A $7,000 debit card was stolen from a locked parked car in Jackson, NJ

JACKSON – Thieves took $7,000 in cash and technology from a locked car parked in a driveway early Sunday morning.

It was one of several crimes related to an escaped blue Audi.

Jackson police were alerted to the blue sedan with no headlights and no license plates after Manalapan police attempted to stop it following an accident on Monmouth Road. The car was heading west toward Jackson.

Surveillance video showed a blue car driving on Imperial Place as the homeowner called the police around 9am to report that his 2022 Mercedes-Benz had been broken into on his driveway.

Cash was left in the car, a Fendi business backpack, a Microsoft laptop, iPhone, Apple Air Pods, and a debit card from the car. The resident’s bank has contacted the resident’s bank that a withdrawal has been attempted from their account using a debit card.

A resident told police that there were no signs of forced entry, adding that there were no reports of other burglaries.

An hour later, a Denton Lane resident told police he found the unlocked 2019 Genesis had been moved and left in the bottom of his driveway. A video from the dash cam inside the luxury car shows it being operated by someone and brought home. There was nothing missing from Genesis, according to the owner.

So he stole the gas

Earlier, a blue QuickChek sedan left on Leesville Road without paying $40 worth of gas. The host told police that four men in the car were wearing black jackets, black ski masks, and black gloves with white markings.

On his way to QuickChek, an officer saw the car turned around and sped down Freehold Road. Another officer saw an Audi traveling up to 80 mph on Cassville Road as it crossed into Milestone.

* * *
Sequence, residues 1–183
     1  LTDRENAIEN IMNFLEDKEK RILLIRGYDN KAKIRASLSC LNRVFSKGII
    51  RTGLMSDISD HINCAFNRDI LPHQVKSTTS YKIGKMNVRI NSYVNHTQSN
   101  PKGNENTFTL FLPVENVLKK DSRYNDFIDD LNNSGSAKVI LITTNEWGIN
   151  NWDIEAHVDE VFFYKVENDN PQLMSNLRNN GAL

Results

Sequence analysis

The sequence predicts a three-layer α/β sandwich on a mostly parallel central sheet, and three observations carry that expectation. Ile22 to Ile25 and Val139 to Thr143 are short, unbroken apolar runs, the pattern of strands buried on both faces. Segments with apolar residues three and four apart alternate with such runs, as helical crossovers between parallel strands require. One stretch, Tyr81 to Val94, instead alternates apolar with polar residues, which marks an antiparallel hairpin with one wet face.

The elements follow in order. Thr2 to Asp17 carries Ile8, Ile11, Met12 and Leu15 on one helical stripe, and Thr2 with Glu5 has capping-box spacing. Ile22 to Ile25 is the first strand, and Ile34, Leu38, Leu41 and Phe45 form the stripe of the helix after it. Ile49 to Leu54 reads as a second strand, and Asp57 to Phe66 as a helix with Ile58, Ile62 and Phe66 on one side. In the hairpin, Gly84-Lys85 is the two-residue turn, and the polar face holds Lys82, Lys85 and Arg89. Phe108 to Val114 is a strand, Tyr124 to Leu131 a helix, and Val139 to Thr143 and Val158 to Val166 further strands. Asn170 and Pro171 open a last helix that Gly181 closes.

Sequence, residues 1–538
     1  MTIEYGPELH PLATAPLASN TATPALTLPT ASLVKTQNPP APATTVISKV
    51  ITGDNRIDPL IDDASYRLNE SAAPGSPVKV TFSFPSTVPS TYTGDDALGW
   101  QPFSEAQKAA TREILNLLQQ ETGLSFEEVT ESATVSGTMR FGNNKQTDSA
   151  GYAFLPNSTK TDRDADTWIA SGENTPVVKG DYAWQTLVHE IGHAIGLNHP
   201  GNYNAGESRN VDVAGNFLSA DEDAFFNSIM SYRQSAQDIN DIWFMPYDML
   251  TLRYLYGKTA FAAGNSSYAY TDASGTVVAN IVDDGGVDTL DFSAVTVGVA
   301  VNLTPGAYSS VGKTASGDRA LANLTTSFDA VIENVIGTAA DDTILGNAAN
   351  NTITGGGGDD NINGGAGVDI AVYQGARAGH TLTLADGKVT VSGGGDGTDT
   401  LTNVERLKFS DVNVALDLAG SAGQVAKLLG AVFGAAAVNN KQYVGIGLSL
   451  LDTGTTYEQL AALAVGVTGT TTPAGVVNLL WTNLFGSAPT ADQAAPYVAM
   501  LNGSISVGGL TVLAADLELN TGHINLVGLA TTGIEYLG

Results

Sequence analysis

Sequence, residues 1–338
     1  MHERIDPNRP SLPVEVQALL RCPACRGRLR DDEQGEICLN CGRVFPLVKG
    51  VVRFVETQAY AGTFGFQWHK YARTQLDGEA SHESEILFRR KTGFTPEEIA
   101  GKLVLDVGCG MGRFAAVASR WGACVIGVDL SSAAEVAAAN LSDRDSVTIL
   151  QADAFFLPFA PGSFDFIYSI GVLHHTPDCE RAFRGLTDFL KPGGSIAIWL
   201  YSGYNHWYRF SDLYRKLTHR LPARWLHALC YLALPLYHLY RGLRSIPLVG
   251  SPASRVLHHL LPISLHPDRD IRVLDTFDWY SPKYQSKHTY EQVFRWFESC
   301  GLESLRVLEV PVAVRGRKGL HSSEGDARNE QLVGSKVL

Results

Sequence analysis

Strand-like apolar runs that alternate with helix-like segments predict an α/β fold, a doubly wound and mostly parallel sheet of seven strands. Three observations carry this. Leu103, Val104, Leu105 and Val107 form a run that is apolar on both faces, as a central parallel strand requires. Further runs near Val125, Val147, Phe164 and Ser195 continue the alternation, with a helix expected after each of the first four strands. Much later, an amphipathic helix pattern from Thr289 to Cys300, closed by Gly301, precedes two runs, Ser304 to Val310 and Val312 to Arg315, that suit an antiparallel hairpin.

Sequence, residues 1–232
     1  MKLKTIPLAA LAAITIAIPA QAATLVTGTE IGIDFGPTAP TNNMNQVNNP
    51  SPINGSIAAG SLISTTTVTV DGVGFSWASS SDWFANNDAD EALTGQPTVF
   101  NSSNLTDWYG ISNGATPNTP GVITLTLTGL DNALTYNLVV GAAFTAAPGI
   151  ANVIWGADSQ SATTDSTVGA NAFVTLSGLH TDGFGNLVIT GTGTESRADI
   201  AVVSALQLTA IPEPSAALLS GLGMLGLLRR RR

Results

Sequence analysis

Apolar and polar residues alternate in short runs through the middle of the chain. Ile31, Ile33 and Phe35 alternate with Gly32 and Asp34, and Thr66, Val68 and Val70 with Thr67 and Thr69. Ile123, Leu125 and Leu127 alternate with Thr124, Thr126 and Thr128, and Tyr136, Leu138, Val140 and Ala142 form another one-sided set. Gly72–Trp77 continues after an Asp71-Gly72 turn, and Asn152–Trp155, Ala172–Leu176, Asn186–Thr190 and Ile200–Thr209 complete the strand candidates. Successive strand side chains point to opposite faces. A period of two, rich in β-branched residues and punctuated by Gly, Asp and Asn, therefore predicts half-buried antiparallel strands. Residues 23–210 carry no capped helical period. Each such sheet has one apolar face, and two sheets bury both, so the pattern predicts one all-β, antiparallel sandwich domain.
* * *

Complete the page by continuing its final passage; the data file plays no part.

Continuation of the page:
Jackson Police have asked anyone with additional information on Sunday morning’s events to call 732-928-1111.

Anti-theft and car burglary increase

As cities across New Jersey, in both suburban and urban areas, have seen a spike in car thefts over the past two years, law enforcement and state government officials have suggested solutions. Officials say the perpetrators are getting bolder, targeting not only vehicles, but people and homes as well.

Monmouth County officials met Tuesday to encourage a statewide move toward tougher sentences for inmates.

“We need tougher penalties. We can’t continue to catch and release when it comes to vehicle theft,” said Monmouth County Sheriff Sean Golden, using a term that mocks changes to the bail system in place under Governor Chris Christie. “There is something to be done to stop the madness.”

Over the past week, state officials announced plans to spend $10 million in federal funds initially earmarked for pandemic relief to help more police departments obtain automated license plate readers.

High-speed automated camera systems capture and store computer-readable images of license plates in a central database that can be accessed by law enforcement. The technology will be installed in both fixed locations and on mobile units.

Previous reports by Michael Simmons and Dino Flamia have been used in this report.

Dan Alexander is a reporter for New Jersey 101.5. You can reach him at [email protected]

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